Our sample was purposively constructed to oversample the private sector and cannot be considered a random sample of hospitals in that region. Specifically, the initial sampling design included all private for-profit hospitals officially registered by 2002 in five cities--Guangzhou, Zhongshan, Panyu, Jiangmen, and Dongguan--as well as a stratified random sample of not-for-profit hospitals in these same localities, stratified according to the official Chinese classification system for hospitals (jibie). The sample design called for random selection of one hospital out of five in the most selective category (level 3 first rank: san ji jia deng); one hospital out of 10 among lower-rank level-3 and level-2 categories; and one hospital out of 30 for the level-1 hospitals.
To take account of this sampling in the statistical analyses, we create indicator variables for hospital ownership categories (private not-for-profit, private for-profit, and government owned) and separate indicator variables for hospital levels of accreditation (jibie levels 1, 2, and 3) to use as explanatory variables in the multi-variate regression analyses (described further below). Since we do not claim that this sample is representative of the broader ownership mix and characteristics of hospitals in Guangdong Province or China as a whole, we do not weight the sample according to the stratified sampling design; to do so we believe would provide a false sense of accuracy, using what should be interpreted as a rich but limited sample of public and private hospitals in one region of China.
The data set includes data mandatorily reported by hospitals of all ownership types to the provincial health bureau, as well as information from an original survey instrument fielded in the fall of 2005 by enumerators who interviewed an administrator and collected administrative data by hand from each hospital. Our analytic sample includes 362 hospitals, both government and private, for which we have relatively complete data collected in 2005, reporting 2004 outcomes.
Measurement of hospital characteristics
We use affiliation with a university as a proxy for teaching status. To designate a hospital as located in an urban or rural area, we used secondary data from Guangdong statistical yearbooks on the percentage of residents that are designated agricultural in each county or district [15, 16]. Ninety-two hospitals, representing 25.4% of our sample, are located in areas where more than 50% of the population is agricultural; the remaining 270 are located in predominantly urban areas. We code whether each hospital is an "appointed hospital" for social insurance beneficiaries (dingdian yiyuan) based on secondary data from social insurance bureau documents.
(N = 212)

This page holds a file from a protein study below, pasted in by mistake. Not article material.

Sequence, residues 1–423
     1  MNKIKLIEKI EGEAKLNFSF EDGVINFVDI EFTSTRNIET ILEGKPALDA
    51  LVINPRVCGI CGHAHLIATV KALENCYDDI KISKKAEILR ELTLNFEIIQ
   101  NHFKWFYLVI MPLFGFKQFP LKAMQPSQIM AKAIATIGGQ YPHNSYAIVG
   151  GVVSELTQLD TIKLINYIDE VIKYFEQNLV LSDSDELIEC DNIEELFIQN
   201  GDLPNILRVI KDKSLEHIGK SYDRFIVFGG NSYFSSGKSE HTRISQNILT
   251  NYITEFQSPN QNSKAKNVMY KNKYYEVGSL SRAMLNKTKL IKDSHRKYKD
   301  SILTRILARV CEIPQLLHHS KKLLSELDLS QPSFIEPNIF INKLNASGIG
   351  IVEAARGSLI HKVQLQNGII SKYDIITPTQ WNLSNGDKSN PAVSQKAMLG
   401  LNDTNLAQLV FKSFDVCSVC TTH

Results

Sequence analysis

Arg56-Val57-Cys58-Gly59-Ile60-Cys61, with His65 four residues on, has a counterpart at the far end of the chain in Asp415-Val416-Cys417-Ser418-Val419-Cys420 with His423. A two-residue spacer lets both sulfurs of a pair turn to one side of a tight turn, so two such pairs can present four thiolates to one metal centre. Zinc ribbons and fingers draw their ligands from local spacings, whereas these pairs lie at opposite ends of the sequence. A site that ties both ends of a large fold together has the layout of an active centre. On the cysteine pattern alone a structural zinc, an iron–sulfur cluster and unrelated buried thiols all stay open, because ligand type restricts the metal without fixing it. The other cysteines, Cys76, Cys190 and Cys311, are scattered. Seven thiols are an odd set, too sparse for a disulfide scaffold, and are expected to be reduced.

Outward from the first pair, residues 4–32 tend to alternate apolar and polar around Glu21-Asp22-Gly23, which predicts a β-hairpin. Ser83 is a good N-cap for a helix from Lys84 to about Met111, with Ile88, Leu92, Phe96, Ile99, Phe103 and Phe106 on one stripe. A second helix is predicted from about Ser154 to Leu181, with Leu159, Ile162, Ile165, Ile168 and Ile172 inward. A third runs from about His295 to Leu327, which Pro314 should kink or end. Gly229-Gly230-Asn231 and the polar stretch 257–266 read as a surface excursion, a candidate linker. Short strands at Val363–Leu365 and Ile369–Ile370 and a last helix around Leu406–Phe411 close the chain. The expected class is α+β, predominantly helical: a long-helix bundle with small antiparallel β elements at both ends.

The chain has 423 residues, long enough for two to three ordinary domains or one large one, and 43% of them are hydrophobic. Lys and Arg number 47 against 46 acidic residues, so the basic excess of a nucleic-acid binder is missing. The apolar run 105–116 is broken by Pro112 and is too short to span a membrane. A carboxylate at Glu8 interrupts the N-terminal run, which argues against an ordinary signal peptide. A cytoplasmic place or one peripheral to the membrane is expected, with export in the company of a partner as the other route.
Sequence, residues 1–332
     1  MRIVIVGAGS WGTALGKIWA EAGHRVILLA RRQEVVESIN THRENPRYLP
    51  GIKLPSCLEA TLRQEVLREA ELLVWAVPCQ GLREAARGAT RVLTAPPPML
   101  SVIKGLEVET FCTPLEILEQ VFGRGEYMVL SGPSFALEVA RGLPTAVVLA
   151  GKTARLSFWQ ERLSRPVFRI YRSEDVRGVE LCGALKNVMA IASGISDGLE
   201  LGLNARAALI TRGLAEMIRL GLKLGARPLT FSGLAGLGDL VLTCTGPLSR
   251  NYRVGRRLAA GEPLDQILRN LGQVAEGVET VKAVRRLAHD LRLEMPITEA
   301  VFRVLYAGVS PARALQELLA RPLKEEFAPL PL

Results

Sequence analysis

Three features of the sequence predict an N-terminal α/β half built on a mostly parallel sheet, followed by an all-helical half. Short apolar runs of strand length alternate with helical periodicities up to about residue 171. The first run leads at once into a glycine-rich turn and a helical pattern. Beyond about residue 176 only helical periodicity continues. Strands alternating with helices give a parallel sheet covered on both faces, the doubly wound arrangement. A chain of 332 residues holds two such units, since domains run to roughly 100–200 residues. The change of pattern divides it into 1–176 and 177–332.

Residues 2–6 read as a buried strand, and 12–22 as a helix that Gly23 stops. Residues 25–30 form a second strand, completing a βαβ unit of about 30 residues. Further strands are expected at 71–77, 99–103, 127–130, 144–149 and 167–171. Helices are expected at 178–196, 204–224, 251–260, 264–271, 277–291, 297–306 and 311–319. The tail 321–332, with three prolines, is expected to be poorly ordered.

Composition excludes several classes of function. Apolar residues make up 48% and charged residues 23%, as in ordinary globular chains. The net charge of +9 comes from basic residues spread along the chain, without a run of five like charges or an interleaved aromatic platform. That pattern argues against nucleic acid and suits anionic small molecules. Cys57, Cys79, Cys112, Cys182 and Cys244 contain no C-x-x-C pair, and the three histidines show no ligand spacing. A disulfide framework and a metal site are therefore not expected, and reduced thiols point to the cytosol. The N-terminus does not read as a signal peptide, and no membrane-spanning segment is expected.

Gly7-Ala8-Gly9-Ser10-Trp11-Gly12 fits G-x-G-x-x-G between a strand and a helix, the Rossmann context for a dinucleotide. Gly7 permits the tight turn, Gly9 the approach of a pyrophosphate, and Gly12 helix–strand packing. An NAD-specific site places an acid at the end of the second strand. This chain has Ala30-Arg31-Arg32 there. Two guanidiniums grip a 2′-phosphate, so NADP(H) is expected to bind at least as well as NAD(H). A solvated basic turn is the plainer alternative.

(N = 79)
(N = 71)
Jibie (Hospital accreditation level):
Level 3 (highest)
Average number of beds
Value of total hospital assets (RMB)
Number of machines valued over 10,000 RMB
Number of employees
Number of physicians
Number of nurses
Number of pharmacists
Patient volume (averages):
Total outpatient visits
Traditional Chinese medicine (TCM)
Emergency room (ER) visits
Average occupancy rate (%)
Average length of stay (days)
Average inpatient mortality rate (per 1000 admissions)
The dependent variable, Y, is a measure of each hospital's quality. Quality measures used in this study include structural and outcome measures and are all as continuous variables. Structural measures include four continuous variables: the value of a hospital's assets; the number of machines valued at over 10,000 RMB owned by a given hospital (measured by ln(number of machines valued over 10,000 RMB)); the total number of employees of the hospital (measured by ln(number of employees); and the number of physicians on a hospital's staff (measured by ln(number of physicians)). The outcome measure was one continuous variable: the inpatient mortality rate. The inpatient mortality rate is defined as the total number of patients who die during inpatient admission per 1,000 admissions to that hospital in that year. N and F are dummy variables indicating the hospital ownership type: N represents non-government non-profit ownership, and F indicates private for-profit ownership. (The omitted group is government ownership). X is a vector of hospital and market characteristics, such as ln (beds), indicators for whether the hospital is affiliated with a university or an appointed hospital for social insurance, and the percentage of the population that is agricultural in the hospital's county or district; and ξ is the error term. The coefficients β1 and β2 capture the effect on Y of non-government non-profit and for-profit ownership, respectively, relative to government ownership, controlling for other factors.
For some dependent and independent variables, logarithm transformation is used to normalize variable distribution. We take the natural logarithm of the inpatient mortality rate, for example, and use that converted form as the dependent variable for the econometric analysis to avoid an artificial bias in the statistical results from the skewed distribution of mortality rates. The importance of using such a transformation has been shown in previous analyses of hospital performance . Ordinary least squares (OLS) regression is used in all the multi-variate regressions because all five dependent variables are continuous rather than categorical or count variables. All analyses were performed in Stata 9.0.
Comparing hospital characteristics
As shown in Table 1, 212 (59%) of the hospitals in our sample are government-owned and 71 (20%) are private for-profit hospitals. Private hospitals, particularly for-profits, are less likely than their government counterparts to be general-acute hospitals and more likely to be specialty hospitals.